Space Cat, Prince Among Thieves

Three-Step Debugging: A Methodical Approach

I've been working as a developer for almost twenty years now. In that time I have had the pleasure of helping many developers, and helping them debug code. Some were new to the field, had vastly more experience than me.

While some are naturally somewhat gifted at debugging, it's important to understand that the skill can be learned. In fact, even very experienced developers can struggle with it

I've known developers who stare at their code trying to reason their way through it. I've known developers who will change things at random until the problem goes away. I've known developers whose technique I describe as "I've tried nothing and I'm all out of ideas".

I take a very structured approach, and this is something I've meant to write down for years now. Solving 90% of the of the problems you will face comes down to three simple steps.

  1. Identify Outputs
  2. Identify Inputs
  3. Repeat

Identify Outputs

There is a bug in your code; that much we know. It's causing something to not work as expected. The first step in debugging is to identify what that something is.

Determine what your expected output is, and what the actual output is.

Walk through the call stack to find where the output diverged from expected.

Identify Inputs

This step is crucial and often the most challenging.

In an ideal world we'd only be debug pure functional code. The only inputs would be parameters, and all calls within are deterministic.

We don't live in an ideal world.

We often find ourselves debugging code that inherits values and state from elsewhere. This can be self-fulfilling, such code is usually hardest to test and most prone to errors.

Sources of state include, but are not limited to:

  • Members of the containing class or its parents
  • Non-deterministic values and methods
    • The current time
    • Random number generators
    • Potentially flakey network services
    • Databases
    • File systems
    • User input
  • Global variables
  • Environment variables
  • Configuration files

This list is far from exhaustive and meant to give you an idea of the kinds of things you might need to consider.

While debugging, it's important to identify and note all these inputs. We then need to understand their state at the time of the error. This is often where I see developers struggle. Some part of their code can vary and they have failed to identify it.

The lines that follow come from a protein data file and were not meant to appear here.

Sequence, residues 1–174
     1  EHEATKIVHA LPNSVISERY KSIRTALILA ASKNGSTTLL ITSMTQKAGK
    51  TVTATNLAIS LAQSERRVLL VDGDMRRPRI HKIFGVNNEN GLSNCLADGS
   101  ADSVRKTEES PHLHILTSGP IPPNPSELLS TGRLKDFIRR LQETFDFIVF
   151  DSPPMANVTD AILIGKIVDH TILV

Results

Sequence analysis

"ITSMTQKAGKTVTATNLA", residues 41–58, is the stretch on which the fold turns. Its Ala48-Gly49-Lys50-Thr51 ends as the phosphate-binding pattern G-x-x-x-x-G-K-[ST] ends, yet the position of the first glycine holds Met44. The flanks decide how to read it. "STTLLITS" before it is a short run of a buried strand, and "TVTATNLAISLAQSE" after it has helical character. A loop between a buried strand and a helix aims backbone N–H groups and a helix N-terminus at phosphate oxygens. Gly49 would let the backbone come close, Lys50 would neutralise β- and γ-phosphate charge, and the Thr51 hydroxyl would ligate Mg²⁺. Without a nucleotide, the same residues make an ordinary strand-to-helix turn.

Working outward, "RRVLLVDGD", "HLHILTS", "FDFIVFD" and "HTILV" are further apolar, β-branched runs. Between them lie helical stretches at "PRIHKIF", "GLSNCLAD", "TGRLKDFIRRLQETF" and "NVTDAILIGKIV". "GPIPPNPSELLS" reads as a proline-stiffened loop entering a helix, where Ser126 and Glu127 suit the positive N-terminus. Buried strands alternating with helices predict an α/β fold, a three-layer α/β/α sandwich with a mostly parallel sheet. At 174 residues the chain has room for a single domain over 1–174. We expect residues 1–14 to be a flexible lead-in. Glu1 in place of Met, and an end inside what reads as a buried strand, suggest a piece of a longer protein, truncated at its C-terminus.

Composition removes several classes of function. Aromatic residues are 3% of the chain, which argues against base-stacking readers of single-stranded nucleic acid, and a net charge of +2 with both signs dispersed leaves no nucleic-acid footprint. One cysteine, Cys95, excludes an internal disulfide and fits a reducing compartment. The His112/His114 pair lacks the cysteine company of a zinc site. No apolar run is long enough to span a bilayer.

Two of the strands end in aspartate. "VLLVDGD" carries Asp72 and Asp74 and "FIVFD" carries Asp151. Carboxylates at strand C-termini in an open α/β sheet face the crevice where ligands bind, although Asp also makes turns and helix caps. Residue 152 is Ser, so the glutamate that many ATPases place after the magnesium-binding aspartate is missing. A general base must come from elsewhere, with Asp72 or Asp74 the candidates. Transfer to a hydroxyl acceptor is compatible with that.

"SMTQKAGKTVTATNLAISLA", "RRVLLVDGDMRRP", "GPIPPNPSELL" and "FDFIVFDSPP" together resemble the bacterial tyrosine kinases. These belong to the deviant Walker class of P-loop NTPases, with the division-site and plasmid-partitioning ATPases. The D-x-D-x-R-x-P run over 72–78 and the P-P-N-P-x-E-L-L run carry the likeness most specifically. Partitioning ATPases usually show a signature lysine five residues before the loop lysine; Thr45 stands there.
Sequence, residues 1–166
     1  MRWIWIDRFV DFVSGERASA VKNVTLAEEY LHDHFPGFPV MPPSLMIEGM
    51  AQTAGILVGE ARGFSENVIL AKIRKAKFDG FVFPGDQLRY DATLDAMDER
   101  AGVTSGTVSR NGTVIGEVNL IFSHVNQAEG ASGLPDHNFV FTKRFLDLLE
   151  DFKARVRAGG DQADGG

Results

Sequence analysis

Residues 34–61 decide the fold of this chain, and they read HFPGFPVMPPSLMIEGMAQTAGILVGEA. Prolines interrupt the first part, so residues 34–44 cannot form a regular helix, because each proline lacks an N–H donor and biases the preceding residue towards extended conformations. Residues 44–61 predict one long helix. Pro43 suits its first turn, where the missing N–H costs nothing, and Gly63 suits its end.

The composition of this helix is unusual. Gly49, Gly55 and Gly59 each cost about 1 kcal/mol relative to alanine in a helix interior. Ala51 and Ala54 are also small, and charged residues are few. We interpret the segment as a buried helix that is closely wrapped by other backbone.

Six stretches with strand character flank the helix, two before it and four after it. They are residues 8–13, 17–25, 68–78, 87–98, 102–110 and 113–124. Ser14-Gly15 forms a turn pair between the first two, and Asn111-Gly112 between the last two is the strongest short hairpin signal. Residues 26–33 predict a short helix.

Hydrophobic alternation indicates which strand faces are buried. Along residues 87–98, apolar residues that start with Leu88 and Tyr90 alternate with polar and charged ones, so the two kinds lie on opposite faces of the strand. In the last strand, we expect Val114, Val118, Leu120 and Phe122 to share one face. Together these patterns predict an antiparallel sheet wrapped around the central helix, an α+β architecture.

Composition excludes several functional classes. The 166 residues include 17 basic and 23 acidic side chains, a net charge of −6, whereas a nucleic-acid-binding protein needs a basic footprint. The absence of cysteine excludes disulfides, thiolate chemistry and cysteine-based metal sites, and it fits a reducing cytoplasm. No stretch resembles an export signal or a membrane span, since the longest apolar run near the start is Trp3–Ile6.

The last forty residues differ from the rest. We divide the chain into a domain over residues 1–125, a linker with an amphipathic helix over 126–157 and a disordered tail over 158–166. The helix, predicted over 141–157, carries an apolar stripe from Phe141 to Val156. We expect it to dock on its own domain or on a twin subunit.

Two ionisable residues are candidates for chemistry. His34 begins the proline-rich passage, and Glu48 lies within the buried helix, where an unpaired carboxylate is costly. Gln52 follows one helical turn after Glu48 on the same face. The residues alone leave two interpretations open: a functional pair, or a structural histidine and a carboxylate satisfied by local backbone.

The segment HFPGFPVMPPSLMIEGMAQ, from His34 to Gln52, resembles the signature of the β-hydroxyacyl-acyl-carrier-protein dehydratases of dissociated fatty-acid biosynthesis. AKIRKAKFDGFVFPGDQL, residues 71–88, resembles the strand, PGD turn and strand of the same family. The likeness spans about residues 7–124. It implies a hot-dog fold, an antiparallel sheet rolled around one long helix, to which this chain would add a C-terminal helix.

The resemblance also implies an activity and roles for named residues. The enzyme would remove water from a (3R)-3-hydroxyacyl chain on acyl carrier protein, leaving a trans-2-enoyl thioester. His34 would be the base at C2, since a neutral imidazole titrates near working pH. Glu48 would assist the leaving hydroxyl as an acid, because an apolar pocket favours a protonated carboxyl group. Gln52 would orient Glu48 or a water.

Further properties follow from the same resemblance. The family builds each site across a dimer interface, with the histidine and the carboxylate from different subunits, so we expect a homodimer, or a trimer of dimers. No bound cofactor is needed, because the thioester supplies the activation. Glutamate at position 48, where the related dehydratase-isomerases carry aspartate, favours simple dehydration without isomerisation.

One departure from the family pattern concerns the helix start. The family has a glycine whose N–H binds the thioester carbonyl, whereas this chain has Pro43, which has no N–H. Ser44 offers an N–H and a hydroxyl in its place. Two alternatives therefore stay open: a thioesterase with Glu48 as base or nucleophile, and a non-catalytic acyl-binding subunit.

Ways to identify their state logging, or by using a debugger to inspect the state of the system at the time of the error.

It comes down to a is a matter of personal preference as well as comfort with the tooling.

I know my way around my debugger, and yet I more often than not am inclined to just spit the state to standard out. I find this to be the most effective way of debugging. I know developers who are very good at using debuggers. I also know developers who spend a lot of time trying to make sense of their debugger.

I've never met a developer who is bad at using print statements.

The most effective debugging tool is still careful thought, coupled with judiciously placed print statements.

– Brian Kernighan

Repeat

After identifying the code's outputs and inputs, use this information to track down the problem. You will need to repeat this process recursively through the call tree.

We work our way through the call stack, identifying the unexpected outputs and inputs as we go. Keep this up and we will locate the root cause.

Other Thoughts

Identifying outputs and inputs isn't limited to values of variables. It's about the state of the system as a whole - including where boundaries get crossed.

You need to understand how the system handles crossing boundaries and ensure that the handoff results as expected. Understanding how the system manages crossing these boundaries is crucial for identifying where errors might occur.

You also may need to understand the state of the larger system at the time of the error. "The system" is not limited to the code you're working on. It can also include the state of the database, the state of the file system, the state of the network, cookies, sessions, the end user's browser, etc.

When you've identified the issue, write a test that reproduces it. This confirms you've fixed it and understood it, as well as preventing its recurrence. If you don't already have a strong test suite, regression tests are a great place to start.

Conclusion

I hope this guide helps you improve your debugging skills. Debugging is a skill that you can learn and improve over time.

Debugging is not just about fixing errors. It's an opportunity to learn your codebase and how to enhance it.

And remember, careful thought, combined with well-placed print statements, remains the most effective debugging tool.


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